Dr Mark Zirnsak is director of the Justice and International Mission Unit at the Uniting Church in Australia, Synod of Victoria and Tasmania.
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Given the role banks played in the global financial crisis, it is reasonable to expect they would understand the need to demonstrate their ethics with transparency. No longer is it reasonable to assume shareholders and customers will simply accept a "trust us, we have good policies" response. But this is exactly the response of ANZ when it comes to the Theun-Hinboun Expansion Project - a dam and diversion project under construction in central Laos.
This huge project is a hydro-electric scheme, with power being sold across the border to Thailand to bring in much needed export earnings for impoverished Laos. The project involves a 65-metre-high storage dam on the Nam Gnouang River and a doubling of capacity at the existing Theun-Hinboun hydro-power plant, resulting in a doubling of the amount of water diverted into the Hai and Hinboun Rivers. It is estimated the project will displace more than 4000 indigenous people from the reservoir area and will affect the lives of more than 50,000 people downstream.
ANZ is one of the banks helping finance the project. Commendably, the bank has also committed itself to comply with the Equator Principles, an international set of guidelines for banks that finance large-scale projects.
But a field visit to the area in May by BankTrack and International Rivers found evidence that the project was violating Laotian resettlement law and the Equator Principles. Already water levels along the Hai and Hinboun rivers have dramatically changed as a result of the existing dam, causing erosion and flooding, leading to the loss of fertile agricultural land, fruit trees, riverbank gardens, livestock and boats in more than 55 villages.
The evidence suggests the existing Theun-Hinboun project has violated the national law by failing to provide adequate compensation for the loss of livelihoods and property in downstream villages. This comes from one of the original consulting firms, Resource Management and Research, which was contracted to conduct the environmental impact assessment for the proposed expansion.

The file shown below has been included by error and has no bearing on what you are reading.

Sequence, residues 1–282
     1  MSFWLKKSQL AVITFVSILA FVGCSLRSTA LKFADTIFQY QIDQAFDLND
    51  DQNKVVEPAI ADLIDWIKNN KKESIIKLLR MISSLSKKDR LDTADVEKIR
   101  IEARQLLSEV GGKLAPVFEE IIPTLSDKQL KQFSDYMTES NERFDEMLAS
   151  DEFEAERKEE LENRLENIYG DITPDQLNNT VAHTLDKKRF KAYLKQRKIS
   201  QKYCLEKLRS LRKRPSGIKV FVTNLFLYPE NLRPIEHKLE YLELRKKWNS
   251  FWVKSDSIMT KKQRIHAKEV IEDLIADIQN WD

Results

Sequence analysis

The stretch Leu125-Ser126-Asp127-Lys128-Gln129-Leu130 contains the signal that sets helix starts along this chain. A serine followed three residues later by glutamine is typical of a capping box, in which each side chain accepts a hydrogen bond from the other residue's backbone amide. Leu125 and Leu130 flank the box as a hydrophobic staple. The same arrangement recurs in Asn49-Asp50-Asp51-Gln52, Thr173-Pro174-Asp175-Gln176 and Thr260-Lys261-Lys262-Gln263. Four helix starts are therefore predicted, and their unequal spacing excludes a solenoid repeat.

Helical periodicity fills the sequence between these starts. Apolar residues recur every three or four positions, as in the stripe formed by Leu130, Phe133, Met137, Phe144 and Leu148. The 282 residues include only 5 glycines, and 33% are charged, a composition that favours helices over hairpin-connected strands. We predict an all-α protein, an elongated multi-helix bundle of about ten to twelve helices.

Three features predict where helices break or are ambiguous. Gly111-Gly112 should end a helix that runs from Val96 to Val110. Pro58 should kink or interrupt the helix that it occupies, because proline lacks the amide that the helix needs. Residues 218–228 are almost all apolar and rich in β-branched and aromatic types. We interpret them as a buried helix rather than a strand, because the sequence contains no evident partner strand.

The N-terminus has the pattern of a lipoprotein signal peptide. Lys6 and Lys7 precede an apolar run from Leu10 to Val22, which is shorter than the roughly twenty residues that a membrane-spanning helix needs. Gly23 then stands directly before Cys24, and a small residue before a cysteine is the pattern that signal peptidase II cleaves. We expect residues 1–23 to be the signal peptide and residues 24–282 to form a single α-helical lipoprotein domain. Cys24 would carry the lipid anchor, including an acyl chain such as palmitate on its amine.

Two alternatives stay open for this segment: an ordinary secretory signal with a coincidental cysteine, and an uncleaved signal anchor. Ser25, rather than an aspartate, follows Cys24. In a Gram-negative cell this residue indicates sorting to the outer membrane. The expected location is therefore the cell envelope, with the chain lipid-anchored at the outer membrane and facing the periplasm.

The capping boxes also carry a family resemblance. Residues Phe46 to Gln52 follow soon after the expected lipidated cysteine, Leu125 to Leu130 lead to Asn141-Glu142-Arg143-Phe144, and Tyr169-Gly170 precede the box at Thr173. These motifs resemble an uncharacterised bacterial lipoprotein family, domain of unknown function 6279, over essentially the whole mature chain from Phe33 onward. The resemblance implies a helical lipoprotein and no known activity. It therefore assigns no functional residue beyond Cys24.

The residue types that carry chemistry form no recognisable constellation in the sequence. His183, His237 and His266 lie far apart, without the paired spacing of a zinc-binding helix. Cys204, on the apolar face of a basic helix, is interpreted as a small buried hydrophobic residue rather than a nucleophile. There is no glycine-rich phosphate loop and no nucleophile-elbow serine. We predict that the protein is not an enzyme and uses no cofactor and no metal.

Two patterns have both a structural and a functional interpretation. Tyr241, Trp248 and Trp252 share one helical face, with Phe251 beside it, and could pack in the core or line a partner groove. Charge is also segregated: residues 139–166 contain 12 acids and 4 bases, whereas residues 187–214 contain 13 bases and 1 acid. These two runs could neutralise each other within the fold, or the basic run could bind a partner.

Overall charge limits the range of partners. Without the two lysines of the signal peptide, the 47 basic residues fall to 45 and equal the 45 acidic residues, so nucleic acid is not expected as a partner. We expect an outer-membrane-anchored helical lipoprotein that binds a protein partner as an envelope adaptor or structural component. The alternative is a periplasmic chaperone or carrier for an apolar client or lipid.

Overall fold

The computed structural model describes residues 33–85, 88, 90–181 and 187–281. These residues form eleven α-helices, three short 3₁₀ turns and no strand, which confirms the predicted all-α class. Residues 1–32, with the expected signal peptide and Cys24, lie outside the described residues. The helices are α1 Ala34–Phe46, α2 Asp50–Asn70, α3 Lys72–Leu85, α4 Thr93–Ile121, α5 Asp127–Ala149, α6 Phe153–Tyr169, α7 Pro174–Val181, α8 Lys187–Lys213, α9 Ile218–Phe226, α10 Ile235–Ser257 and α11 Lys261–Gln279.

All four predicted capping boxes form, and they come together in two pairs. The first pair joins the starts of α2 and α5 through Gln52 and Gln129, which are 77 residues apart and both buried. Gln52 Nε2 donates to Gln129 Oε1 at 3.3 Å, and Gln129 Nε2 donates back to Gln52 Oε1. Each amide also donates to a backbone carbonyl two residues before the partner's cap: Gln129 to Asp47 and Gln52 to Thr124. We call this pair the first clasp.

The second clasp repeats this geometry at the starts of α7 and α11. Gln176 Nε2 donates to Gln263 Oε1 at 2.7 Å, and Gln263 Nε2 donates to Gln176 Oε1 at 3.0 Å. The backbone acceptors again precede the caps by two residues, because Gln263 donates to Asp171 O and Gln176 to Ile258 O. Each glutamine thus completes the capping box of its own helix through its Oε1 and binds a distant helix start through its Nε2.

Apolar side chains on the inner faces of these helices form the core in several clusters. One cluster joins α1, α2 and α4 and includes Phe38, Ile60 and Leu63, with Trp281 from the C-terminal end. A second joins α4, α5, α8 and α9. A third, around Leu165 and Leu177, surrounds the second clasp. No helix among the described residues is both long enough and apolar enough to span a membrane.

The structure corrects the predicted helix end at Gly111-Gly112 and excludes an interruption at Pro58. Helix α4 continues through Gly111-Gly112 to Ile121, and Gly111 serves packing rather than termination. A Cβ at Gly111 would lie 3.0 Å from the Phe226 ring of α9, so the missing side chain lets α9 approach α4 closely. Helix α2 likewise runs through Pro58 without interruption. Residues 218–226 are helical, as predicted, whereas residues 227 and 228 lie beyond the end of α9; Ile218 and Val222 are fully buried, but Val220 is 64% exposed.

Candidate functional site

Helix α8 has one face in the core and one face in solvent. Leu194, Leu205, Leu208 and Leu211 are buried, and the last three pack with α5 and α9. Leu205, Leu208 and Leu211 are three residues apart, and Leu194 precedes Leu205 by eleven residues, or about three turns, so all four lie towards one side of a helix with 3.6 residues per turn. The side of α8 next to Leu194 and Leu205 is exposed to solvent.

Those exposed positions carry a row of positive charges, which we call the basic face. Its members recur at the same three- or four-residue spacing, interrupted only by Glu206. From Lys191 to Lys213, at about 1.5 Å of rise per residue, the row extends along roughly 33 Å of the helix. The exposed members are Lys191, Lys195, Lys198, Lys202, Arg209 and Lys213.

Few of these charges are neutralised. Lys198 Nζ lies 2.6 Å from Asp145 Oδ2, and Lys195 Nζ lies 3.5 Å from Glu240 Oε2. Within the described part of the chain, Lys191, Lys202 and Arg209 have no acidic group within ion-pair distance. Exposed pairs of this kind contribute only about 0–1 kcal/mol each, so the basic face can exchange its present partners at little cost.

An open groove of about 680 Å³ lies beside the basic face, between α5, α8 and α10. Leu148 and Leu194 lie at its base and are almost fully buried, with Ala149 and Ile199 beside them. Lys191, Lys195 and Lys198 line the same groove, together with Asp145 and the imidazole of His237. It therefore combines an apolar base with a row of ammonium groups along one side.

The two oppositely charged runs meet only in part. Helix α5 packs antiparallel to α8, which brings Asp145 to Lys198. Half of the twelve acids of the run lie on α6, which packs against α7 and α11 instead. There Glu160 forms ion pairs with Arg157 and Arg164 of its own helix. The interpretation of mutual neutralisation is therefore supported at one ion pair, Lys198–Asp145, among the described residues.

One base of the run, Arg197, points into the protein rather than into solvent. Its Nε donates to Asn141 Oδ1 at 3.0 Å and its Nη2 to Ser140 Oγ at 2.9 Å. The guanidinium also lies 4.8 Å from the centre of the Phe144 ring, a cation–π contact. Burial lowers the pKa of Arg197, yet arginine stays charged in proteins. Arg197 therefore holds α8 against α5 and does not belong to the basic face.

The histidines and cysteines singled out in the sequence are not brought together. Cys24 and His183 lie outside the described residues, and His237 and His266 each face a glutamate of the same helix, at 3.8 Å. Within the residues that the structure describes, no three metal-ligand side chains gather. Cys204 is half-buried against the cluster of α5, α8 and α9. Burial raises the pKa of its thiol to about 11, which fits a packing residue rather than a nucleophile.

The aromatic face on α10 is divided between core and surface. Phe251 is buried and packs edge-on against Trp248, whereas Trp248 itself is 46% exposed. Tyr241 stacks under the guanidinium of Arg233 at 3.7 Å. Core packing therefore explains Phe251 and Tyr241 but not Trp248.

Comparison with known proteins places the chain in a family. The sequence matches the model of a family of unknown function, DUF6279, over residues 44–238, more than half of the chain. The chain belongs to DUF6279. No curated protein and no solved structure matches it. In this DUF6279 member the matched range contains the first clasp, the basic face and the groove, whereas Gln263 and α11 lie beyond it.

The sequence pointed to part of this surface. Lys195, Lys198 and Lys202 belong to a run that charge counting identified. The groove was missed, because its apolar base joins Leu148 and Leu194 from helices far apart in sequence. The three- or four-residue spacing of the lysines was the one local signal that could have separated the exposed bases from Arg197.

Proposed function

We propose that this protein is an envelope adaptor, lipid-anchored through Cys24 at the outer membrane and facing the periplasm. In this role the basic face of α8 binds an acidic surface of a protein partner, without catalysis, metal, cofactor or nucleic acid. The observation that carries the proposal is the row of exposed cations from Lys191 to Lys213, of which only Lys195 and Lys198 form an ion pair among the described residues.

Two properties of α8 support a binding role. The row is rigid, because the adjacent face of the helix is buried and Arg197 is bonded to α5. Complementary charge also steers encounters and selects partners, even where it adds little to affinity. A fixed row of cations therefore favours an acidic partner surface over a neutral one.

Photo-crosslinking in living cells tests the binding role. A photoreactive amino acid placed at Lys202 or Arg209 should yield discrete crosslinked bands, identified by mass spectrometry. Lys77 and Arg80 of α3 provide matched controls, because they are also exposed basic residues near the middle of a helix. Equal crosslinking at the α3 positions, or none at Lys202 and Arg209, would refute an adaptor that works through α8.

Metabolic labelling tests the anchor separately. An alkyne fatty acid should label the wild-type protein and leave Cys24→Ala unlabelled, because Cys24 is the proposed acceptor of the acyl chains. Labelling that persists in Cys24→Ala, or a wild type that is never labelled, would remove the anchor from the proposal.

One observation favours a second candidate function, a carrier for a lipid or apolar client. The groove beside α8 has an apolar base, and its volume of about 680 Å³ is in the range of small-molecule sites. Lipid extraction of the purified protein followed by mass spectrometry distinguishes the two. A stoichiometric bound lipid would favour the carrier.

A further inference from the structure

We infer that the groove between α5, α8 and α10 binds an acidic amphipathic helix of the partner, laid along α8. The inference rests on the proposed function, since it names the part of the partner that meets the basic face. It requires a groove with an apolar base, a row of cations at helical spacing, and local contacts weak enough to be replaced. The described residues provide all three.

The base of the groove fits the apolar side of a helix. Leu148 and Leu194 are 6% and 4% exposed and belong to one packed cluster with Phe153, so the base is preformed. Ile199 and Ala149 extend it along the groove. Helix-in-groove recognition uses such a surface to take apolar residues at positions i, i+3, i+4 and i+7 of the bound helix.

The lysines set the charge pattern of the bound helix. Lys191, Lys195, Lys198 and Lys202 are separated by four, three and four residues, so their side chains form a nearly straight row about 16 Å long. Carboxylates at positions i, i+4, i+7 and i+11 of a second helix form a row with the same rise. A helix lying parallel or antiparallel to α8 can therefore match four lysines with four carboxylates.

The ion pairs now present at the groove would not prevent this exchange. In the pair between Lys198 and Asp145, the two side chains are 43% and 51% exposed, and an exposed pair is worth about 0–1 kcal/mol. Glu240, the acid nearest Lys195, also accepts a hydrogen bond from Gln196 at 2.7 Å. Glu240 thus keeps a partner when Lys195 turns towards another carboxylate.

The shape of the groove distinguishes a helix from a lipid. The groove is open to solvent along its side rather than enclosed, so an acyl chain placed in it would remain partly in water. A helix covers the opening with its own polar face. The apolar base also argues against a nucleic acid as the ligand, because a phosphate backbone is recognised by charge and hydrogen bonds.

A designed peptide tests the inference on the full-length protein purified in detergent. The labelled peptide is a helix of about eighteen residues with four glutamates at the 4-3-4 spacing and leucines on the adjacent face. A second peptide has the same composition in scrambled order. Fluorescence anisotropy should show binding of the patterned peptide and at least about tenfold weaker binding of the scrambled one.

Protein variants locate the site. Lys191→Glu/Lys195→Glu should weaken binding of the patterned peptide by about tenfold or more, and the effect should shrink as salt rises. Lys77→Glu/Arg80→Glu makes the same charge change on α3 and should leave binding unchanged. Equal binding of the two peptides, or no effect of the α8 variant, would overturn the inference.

It estimated that by 2005, the original Theun-Hinboun project had caused the Hai River channel to widen by about 45 metres, leading to the loss of 68 hectares of land. RMR said the value of the land was between $US100,000 ($A108,000) and $US136,000, but the impoverished villagers had not received any compensation for the loss.
Moreover, RMR estimated at least 820 hectares of fertile rice paddy had been abandoned due to flooding - again with no compensation paid to villagers. The expansion project will violate local law by failing to provide food allowances and relocation assistance for those being resettled.
The Theun-Hinboun Power Company, which owns the projects, promised to provide displaced people with 440 kilograms of milled rice per person a year. Villagers claim to be getting less than this. THPC general manager Robert Allen has admitted to breaking this agreement, saying the promised amount is too much.
UCA Funds Management, an entity of the Uniting Church in Australia, operates several investment funds, all of which have investments in ANZ. As an ethical investor, it raised concerns with the bank about the evidence collected in Laos. The bank's response was that it would not "comment on the operations of individual clients". Instead, the bank says the Uniting Church needs to speak with THPC directly (its international partners have been doing this since 1998).
Surely the bank itself has responsibility to ensure its investments are socially and environmentally sound, and not rely on third parties for that assurance. And surely being transparent about those investments is part of that responsible behaviour. As a bank seeking to expand its operations within Asia, ANZ should be keen to demonstrate its commitment to ethical values. While client confidentiality needs to be respected, a demonstrated transparent accountability to ethical standards is something ANZ should also be seeking to embrace if it wishes to be regarded as a leader in this area. By contrast, another bank funding the project, BNP Paribas, has been far more open about the project and has promised a detailed response to the issues raised.
It is not being suggested that the dam projects be closed down. Rather, the issue is about ensuring that THPC obeys the local law and provides adequate compensation to the lives of dirt-poor villagers for the severe disruption its projects have and will cause. ANZ says it shares concern for this outcome, but it fails to understand the world now requires a "show us" response from banks rather than trusting their word - especially in the face of conflicting evidence from the ground.